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List of anamorphic format trade names

There have been a great number of anamorphic format trade names, for reasons of prestige, technology, or vanity. The basic 35 mm anamorphic format originally popularized as CinemaScope has been known by a number of other monikers. In some cases, these names actually refer to different lens designs and technologies implemented; however, the great majority are simply re-branded lenses originally known by another name. In recent decades, it has generally been considered a cliché throwback, and thus the generic name of anamorphic format has become predominant.

All of the following trade names refer to the modern SMPTE-standard anamorphic 35 mm format or what was regarded as the standard at that time. Generically speaking, this means a 2× anamorphosis lens with 4-perf negative pulldown for both image origination and projection, and an aspect ratio of 2.35:1 until 1970 (requiring special, narrow "negative assembly" splices) and 2.39:1 after 1970 (using conventional "negative assembly" splices). The change from 2.35:1 to 2.39:1 (sometimes rounded to 2.4:1 or, mathematically incorrectly, to 2.40:1) was mainly intended to facilitate "negative assembly", and also to better hide "negative assembly" splices, which otherwise may appear as a slight "flash" at the upper edge of the frame, during a splice. The term anamorphic should not be considered synonymous with widescreen; VistaVision was non-anamorphic, and at the time of shooting, so was Techniscope .

Trade namesEdit

  • /i Scope (from Cooke Anamorphic/i Lenses) (England)
  • AgaScope (Sweden, Czechoslovakia and Hungary)
  • Alexcope, also known as AlexScope (Argentina)
  • Arriscope (Germany; developed by Arri)
  • ArriVision (Germany; 3-D)
  • Autentiscope (Spain)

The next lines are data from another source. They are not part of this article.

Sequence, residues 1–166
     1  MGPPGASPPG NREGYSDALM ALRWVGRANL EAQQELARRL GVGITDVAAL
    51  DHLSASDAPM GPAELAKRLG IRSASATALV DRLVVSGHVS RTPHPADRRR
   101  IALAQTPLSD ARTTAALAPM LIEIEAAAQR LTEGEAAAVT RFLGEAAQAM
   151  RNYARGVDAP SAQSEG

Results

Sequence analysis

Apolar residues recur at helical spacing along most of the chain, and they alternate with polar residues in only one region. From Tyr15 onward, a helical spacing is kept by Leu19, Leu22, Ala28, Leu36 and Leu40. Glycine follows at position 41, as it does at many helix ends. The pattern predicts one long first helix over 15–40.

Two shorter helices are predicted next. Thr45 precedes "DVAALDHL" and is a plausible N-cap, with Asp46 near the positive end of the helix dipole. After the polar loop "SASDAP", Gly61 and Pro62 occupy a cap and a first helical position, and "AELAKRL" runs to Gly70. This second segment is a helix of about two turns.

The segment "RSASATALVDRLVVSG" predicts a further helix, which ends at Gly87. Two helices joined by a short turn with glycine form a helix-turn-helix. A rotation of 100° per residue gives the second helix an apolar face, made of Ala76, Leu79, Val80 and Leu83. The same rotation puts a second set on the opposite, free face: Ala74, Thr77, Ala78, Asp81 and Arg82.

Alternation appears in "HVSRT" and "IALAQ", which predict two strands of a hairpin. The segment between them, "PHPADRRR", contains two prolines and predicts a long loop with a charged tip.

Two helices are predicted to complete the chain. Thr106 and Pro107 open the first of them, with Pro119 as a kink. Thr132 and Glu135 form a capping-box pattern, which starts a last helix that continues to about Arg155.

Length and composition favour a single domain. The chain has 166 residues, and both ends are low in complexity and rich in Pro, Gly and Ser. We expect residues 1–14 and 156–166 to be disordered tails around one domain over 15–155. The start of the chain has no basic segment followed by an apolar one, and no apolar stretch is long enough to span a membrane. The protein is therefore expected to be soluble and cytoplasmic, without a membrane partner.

• Cinepanoramic (France)
  • CinemaScope (USA ["Bausch & Lomb formula" anamorphics, used for the fourth and all subsequent CinemaScope films]/France ["Chrétien formula" anamorphic, used for only the first three CinemaScope films]; pre-releases were 2.66:1, with separate 3-track sound, and 2.55:1, with composite 4-track sound, before standardization on 2.35:1; all general releases were 2.55:1, 1953 and later or 2.35:1, 1958 and later; the camera aperture remained 1.33:1/2.66:1; only the recommended projection aperture changed)
  • Cinescope (Italy)
  • Cineovision (Japan)
  • Clairmont-Scope (USA)
  • Colorscope (Italy; inconsistent usage across different formats, including anamorphic)
  • Daieiscope (Japan)
  • Dyaliscope (France)
  • Elite Scope (Russia)
  • Euroscope (France)
  • Filmascope (Spain)
  • Filmscope (Spain)
  • Franscope (France and Czechoslovakia until 1959)
  • Grandscope (Japan)
  • Hammerscope (England)
  • Hawk Scope (Germany)
  • Hispanoscope a.k.a. Ifiscope (Spain)
  • J-D-C Scope (England; developed by Joe Dunton[1])
  • Kinoscope (Spain)
  • Kowa Scope (Japan)
  • Lomoscope (Russia)
  • Magnoscope a.k.a. Cinescope (Spain)
  • Master Scope (from Zeiss Master Anamorphic Lenses) (Germany)
  • Megascope (England)
  • Naturama
  • Nikkatsu Scope (Japan)
  • Nipponscope (Japan)
  • Optex-Scope (England)
  • Panamorph (US)
  • Panavision (US)
  • Panoramic(a) (Italy)
  • Regalscope (US; 20th Century Fox's trade name for CinemaScope when used on black and white films)
  • Scanoscope (several Hollywood productions in 1950s–60s were shot with this system, as the system was sold, not licensed; camera and optical printer lenses were made)
  • Shawscope (Hong Kong; Shaw Brothers's trade name for CinemaScope)
  • Sovscope (USSR)
  • Space-Vision (3-D)
  • Spectrascope
  • SuperCinescope (Italy)
  • SuperTotalscope (Italy)
  • Technovision (France)
  • Todd-AO 35 (US)
  • Toeiscope (Japan)
  • TohoScope (Japan)
  • Totalscope (Italy)
  • Totalvision (Italy)
  • Ultrascope (Germany)
  • Vídeoscope (Spain)
  • Vistarama
  • WarnerScope (US; developed by Warner Bros.)
  • Warwickscope (England)


  1. ^ "Joe Dunton". IMDb. Retrieved 2016-12-25.